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When three tribes go to war: inside Labour's power struggle

In March, three months into her leadership, Johann Lamont laid down an uncompromising message to her Labour colleagues.

Scottish Labour leader Johann Lamont
Scottish Labour leader Johann Lamont

"The next 12 months will be a period of renewal for our party in terms of structures, organisation and policy," she declared.

Responding to her party's shattering Holyrood election defeat, Lamont promised to rejuvenate an internal structure that served only to "stifle" talent. At first glance, the last fortnight shows that Lamont should be taken at her word.

Rami Okasha, a party spin doctor believed to be closer to Scottish MPs than MSPs, was suspended over alleged "insubordination". Days later, Scottish Labour general secretary Colin Smyth announced he was standing down from his post.

The moves seemed evidence that Holyrood Labour had squared up to the party's Glasgow headquarters in John Smith House, long viewed with suspicion by Labour MSPs as being Westminster-oriented.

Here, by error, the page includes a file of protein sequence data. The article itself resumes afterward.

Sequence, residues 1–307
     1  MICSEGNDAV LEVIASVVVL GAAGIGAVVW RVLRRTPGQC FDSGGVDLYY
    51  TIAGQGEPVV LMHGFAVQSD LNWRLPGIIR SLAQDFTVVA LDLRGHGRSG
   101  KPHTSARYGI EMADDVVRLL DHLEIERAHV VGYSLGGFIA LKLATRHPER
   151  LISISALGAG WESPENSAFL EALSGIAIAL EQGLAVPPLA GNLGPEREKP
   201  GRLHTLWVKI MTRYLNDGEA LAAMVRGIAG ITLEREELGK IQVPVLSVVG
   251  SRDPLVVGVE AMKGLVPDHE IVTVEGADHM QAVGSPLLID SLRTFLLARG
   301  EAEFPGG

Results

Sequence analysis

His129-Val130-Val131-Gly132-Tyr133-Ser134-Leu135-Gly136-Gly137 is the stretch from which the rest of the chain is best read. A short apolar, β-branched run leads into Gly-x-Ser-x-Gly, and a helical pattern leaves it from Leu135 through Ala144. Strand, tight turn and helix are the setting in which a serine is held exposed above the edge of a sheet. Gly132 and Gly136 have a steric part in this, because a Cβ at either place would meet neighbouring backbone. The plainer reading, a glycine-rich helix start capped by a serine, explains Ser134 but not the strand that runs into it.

However, Labour figures talking off the record say it would be unfair to pin the "problem" on two individuals who served their party.

The senior insiders believe the central issue – the failure of Scottish Labour's HQ to respond to the party's devolution agenda – goes back 20 years.

As one source put it: "Labour created the Parliament, but power was never devolved in a similar way to the Scottish party."

This was evident as far back as 1992 when Jack McConnell was asked to attend an interview for the Scottish general secretary's post in a Preston hotel. Alex Rowley left the same job in 1999 amid claims he had been axed by the UK party.

Despite Scottish Labour helping to deliver the most radical constitutional change in more than 100 years, the party's HQ and staffing were largely funded by the UK organisation.

There was also no "Scottish" leader: in a devolved context, there was only the leader of the Labour group at Holyrood.

For the first decade of devolution, party sources say John Smith House prioritised Westminster over the Scottish Parliament.

"HQ was a wholly-owned subsidiary of the MPs," said one former MSP. "They did the bidding of Westminster, not Holyrood".